Author: Ferdinand Joseph Maria Feldbrugge
Much of what we know about the colourful Russian middle ages comes from legal sources: the treaties of Russian-Scandinavian warlords with the Byzantine emperors, the gradual penetration of Christianity and Byzantine institutions, the endless game of war and peace among the numerous regional princes, the activities of Hanseatic merchants in the wealthy city-republic of Novgorod, the curious relationships between the Mongol conquerors and Russian rulers and church dignitaries, etc. And, at the even further fringes of medieval Europe, there were the Christian kingdoms of Armenia and Georgia, squeezed between the Islamic empires of Iran and Turkey, but each possessing their elaborate and original legal systems. A discussion of more general questions of legal history and legal anthropology precedes the treatment of these various topics.
Author: Anatoly Fomenko
Publisher: Createspace Independent Publishing Platform
The small nomad tribe of Mongols did not know till XX century how great a power they were once. Nor did Mongols know who Great Ghengis Khan was and how he has conquered Eurasia, Russia, China, the whole works. Back in 1879 Mr. Prejevalsky, colonel of Russian cavalry made two major discoveries Gobi Desert, i.e. in Mongolia: for the first, a small wild undomesticated horse, for the second, a case of collective amnesia of the Mongols people. who ignored how great a power they were once.Nobody in the nomad tribe called Mongols couldn't either read, no write and did not know till colonel told them so, how great a world power they were once. Nor did Mongols know who the character Great Ghengis Khan was and how he has conquered Eurasia, Russia, China, the whole works. Actually, in old Russian language � horde � means army. Consequently, the Mongolian Horde was merely the ancient Russian army. According to the official version of history, Russia remained under the political and military yoke of the Mongols for many centuries on end. The term "Mongol" is usually assumed to have always meant the same thing - however, this turns out to be incorrect; the modern interpretation is of a relatively recent origin. Bear in mind that Mongolia didn't exist as an independent state until the revolution of 1917 in Russia! The word "Mongol" comes from Russian 'mnogo' simply meaning 'a lot, "numerous" or "Great One" - its association with the nomadic tribes hailing from the steppes north of China is a later invention. But why did it have to be invented?The reason is simple: the actual "Mongol conquerors of Russia" never existed. The yoke theory was created by the court German historians of the new Russian dynasty, the Romanovs. The Mongol yoke theory has served the end of justifying the Romanovs' claims for the throne and demonizing their longtime adversaries - the Horde, or the professional Russian army, which remained fiercely loyal to the old Russian dynasty, deposed and finally destroyed by the Romanovs as a result of a conspiracy. The savage invaders and torturers of the Russian land that we read about in history textbooks were the protectors of the state in reality - and ethnic Slavs for the most part. Small wonder historians still cannot find a single trace of the mythical Mongol capital - no such capital ever existed anywhere near the Gobi Desert.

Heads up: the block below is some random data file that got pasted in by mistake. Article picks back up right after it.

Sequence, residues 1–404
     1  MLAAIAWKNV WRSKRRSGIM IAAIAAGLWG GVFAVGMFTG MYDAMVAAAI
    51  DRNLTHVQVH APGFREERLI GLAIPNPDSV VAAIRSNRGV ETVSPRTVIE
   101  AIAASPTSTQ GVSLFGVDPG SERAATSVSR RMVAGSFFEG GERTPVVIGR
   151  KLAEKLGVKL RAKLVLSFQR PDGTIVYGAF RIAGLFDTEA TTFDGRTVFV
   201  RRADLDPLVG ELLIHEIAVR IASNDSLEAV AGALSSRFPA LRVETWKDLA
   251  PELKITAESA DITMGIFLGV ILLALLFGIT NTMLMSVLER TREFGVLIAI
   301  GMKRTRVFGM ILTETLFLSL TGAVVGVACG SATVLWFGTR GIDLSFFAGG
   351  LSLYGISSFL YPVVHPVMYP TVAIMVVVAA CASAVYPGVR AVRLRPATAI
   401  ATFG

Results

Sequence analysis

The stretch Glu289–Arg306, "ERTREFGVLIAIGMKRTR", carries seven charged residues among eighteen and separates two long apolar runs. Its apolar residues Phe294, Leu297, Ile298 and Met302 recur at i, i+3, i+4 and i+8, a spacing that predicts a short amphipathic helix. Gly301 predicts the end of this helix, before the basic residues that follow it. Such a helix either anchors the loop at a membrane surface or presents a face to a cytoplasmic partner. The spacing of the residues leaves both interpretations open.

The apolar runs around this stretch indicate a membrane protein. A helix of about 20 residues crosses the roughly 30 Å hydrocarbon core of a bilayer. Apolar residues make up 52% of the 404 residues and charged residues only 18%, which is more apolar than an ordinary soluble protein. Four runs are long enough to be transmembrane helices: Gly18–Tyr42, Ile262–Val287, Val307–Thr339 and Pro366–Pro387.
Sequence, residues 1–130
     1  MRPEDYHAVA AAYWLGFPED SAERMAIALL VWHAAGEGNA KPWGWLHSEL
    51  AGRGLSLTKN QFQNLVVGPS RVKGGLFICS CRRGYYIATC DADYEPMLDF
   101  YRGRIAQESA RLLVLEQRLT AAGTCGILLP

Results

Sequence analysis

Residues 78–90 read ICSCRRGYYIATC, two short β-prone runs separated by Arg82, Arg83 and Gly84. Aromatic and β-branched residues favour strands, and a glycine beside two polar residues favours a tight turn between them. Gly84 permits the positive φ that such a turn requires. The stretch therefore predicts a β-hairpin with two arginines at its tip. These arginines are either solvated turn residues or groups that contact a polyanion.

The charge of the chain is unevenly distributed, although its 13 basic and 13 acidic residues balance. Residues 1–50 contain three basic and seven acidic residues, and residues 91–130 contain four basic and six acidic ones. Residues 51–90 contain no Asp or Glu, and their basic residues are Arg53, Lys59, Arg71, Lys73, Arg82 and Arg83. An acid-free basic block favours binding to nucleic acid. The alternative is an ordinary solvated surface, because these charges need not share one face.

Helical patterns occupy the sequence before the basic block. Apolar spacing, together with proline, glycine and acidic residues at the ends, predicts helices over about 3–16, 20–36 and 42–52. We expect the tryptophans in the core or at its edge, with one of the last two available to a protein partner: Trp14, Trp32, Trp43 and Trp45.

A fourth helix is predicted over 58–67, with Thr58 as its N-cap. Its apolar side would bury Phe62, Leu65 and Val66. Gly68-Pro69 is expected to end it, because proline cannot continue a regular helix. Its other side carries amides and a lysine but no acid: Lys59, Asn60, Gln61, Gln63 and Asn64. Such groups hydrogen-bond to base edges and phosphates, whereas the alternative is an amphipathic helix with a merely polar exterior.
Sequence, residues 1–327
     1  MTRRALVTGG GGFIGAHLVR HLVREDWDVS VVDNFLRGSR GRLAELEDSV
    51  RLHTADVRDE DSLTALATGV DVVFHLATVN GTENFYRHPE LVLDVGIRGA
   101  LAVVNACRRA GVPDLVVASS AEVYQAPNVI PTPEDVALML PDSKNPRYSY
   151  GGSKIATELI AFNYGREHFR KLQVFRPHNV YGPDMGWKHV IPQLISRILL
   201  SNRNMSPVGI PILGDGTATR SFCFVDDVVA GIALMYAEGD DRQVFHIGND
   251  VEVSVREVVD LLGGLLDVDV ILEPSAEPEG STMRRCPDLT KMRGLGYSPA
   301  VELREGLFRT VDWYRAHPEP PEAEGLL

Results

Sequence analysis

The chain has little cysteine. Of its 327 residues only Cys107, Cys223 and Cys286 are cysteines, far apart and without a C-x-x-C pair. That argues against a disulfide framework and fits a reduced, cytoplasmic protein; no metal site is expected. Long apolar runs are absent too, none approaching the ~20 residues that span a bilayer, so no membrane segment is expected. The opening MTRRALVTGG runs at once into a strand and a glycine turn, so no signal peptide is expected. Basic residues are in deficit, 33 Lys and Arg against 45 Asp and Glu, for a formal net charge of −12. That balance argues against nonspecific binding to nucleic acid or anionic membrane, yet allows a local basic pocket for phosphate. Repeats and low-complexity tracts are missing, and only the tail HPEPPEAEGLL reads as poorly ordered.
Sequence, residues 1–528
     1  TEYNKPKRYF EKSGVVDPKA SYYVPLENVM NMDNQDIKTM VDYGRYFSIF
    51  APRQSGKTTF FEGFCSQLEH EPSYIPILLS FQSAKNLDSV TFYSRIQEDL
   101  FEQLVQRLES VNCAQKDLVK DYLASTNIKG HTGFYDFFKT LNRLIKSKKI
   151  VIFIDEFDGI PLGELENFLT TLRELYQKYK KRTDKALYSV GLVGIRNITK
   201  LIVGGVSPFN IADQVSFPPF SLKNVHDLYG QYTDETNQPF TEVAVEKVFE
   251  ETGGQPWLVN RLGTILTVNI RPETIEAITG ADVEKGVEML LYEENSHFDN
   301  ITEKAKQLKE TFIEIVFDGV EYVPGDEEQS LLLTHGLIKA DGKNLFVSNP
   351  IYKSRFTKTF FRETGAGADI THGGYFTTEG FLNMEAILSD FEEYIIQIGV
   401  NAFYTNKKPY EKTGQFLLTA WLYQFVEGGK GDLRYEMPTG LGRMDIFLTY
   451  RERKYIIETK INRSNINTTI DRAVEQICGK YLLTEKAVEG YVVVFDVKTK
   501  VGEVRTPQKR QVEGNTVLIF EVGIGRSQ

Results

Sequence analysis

A Eurocentric Perspective
Author: Neville Brown
History and Climate Change is a balanced and comprehensive overview of the links between climate and man's advance from early to modern times. It draws upon demographic, economic, urban, religious and military perspectives. It is a synthesis of the many historical and scientific theories, which have arisen regarding man's progress through the ages. Central to the book is the question of whether climate variation is a fundamental trigger mechanism from which other historical sequences develop, or one amongst a number of other factors, decisive only when a regime/society is poised for change. Evidence for prolonged climate change is not that extensive. But it is clear that climatic variation has regularly played a part in historical development. Paricular attention is here paid to Europe since AD 211. Cold and warmth, wetness and aridity can create contrary reactions within societies, which can be interpreted in vary different ways by scholars from differenct disciplines. Does climate change exacerbate famine and epidemics? Did climate fluctuation play a part in pivotal historical events such as the mass exodus of Hsuing-nu from China, the pressure of the Huns on the Romans and the genesis of the Crusades? Did the bitter Finnish winter of 1939-40 ensure the ultimate defeat of Hitler? These episodes, and many others are discussed throughout the book in the authors distinctive style, with maps and photographs to illustrate the examples given.
Author: Jim Bradbury
This comprehensive volume provides easily-accessible factual material on all major areas of warfare in the medieval west. The whole geographical area of medieval Europe, including eastern Europe, is covered, including essential elements from outside Europe such as Byzantine warfare, nomadic horde invasions and the Crusades. Progressing chronologically, the work is presented in themed, illustrated sections, with a narrative outline offering a brief introduction to the area. Within each chronological section, Jim Bradbury presents clear and informative pieces on battles, sieges, and generals. The author examines practical topics including: castle architecture, with examinations of specific castles ship building techniques improvements in armour specific weapons developments in areas such as arms and armour, fortifications, tactics and supply. Readable and engaging, this detailed provides students with an excellent collection of archaeological information and clear discussions of controversial issues.
Technology and Invention in the Middle Ages
Author: Frances Gies,Joseph Gies
Publisher: Harper Collins
An illuminating look at the monumental inventions of the Middle Ages, by the authors of Life in a Medieval Castle.
Author: George Lane
Publisher: Greenwood Publishing Group
Discusses daily life in the Mongol empire, examining such topics as housing, clothing, food, medicine, religion, law, and folk tales.